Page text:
To represent the Pirates of Pimoroni Towers, myself and Paul headed down to the Nottingham Beer-n-Hacks organised by Tindie and Hackaday. We were not disappointed! Some highlights of the night included 3-d printed skates, Nixie tubes, neon, whimsical machinery, some very fine milling work, laser tools, and a fractal-producing wonder.
Due to a misbehaving phone we didn't get many pictures of our own, but thankfully Jasmine from Tindie was a dab hand with the photos, and she's been kind enough to let us borrow some.
In no particular order, on with the hacks! Rob brought along an innocent looking aluminium block with a display attached by a wire. We had a go at seeing how much wattage we could produce with the warmth of our hands (Tanya 10W, Paul 7W), as this was a device that you point your laser at to measure the approximate wattage of your laser. Rob has just started at Smoke and Mirrors and knows a lot about lasering... :)
On the left is his prototype which incorporates nail varnish, an aluminium block, and crushed charcoal, and on the right the finished item.
Dave brought along his 3-d printed rollerskates - he printed them with the cheapest materials on the cheapest printer he could find, and has been busy destruct testing them on every available surface and with every style of skating. We saw him jump, dance, rock, twist, and lean at a highly improbable angle and they stayed firm! He showed us how the design has progressed, sticking to his ethos of cheapest materials, readily available, so that these will be a truly accessible skate.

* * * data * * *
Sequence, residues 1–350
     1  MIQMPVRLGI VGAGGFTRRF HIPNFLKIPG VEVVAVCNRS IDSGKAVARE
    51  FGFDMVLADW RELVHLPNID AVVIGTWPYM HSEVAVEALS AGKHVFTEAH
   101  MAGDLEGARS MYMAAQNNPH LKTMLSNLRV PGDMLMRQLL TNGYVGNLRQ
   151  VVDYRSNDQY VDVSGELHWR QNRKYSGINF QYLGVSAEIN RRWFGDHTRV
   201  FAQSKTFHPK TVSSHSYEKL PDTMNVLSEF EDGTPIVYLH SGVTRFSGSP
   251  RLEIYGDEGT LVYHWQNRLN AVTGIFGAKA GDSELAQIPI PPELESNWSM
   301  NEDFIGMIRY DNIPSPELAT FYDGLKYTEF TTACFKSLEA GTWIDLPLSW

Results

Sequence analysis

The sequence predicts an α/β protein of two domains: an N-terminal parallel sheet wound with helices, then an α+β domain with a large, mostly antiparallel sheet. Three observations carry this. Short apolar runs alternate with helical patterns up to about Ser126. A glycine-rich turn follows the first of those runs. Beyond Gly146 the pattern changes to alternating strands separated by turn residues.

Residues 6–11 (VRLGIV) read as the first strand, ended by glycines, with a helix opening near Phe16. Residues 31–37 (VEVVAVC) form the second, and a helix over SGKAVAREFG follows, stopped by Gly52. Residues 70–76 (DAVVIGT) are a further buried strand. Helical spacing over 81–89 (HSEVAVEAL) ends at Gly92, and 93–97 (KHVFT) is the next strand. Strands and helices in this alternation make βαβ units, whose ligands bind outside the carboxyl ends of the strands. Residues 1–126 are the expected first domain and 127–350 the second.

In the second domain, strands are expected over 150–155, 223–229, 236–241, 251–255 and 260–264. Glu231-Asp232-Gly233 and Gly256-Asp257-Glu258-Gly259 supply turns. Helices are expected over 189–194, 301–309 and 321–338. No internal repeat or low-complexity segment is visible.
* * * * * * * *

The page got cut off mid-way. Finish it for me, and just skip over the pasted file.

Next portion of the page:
He has already made the heel and wheelnut covers that you see in this picture available on Thingiverse.
More Nixie tubes from Nottingham Hackspace.
Derek from Extreme Electronics and Extreme Kits (L) brought along some proof that no matter what he's challenged to, he makes it! Dominic Morrow (R) saw his solenoid engine kit, and said it'd be better with FIVE solenoids... so guess what happened? Derek was kind enough to let our Weeble have a ride on it like some crazy merry go round.
This fascinating item is an electronic starter for a 1960's motorbike, from prototype to first go, to full PCB - he had to work around space constraints but it works!
Ben brought a micro:bit driven MeArm for us to play with.
Tanya explaining the Christmas dress and the concept prototype for the little sister version.
Spencer set his kit off drawing a fractal, and by the end of the night it was a little work of art! The electronics were also a work of art.
And finally, the finest lathe work, to make a tiny lock with a concealed mechanism, that opens with a magnet and has no visible way of unlocking it from the outside. This was made for a cosplaying friend to use as a necklace clasp.
Thanks for bringing so many awesome things!
(additionally, if you are miscredited or missing a name on here, please email or tweet us and we'll fix it!)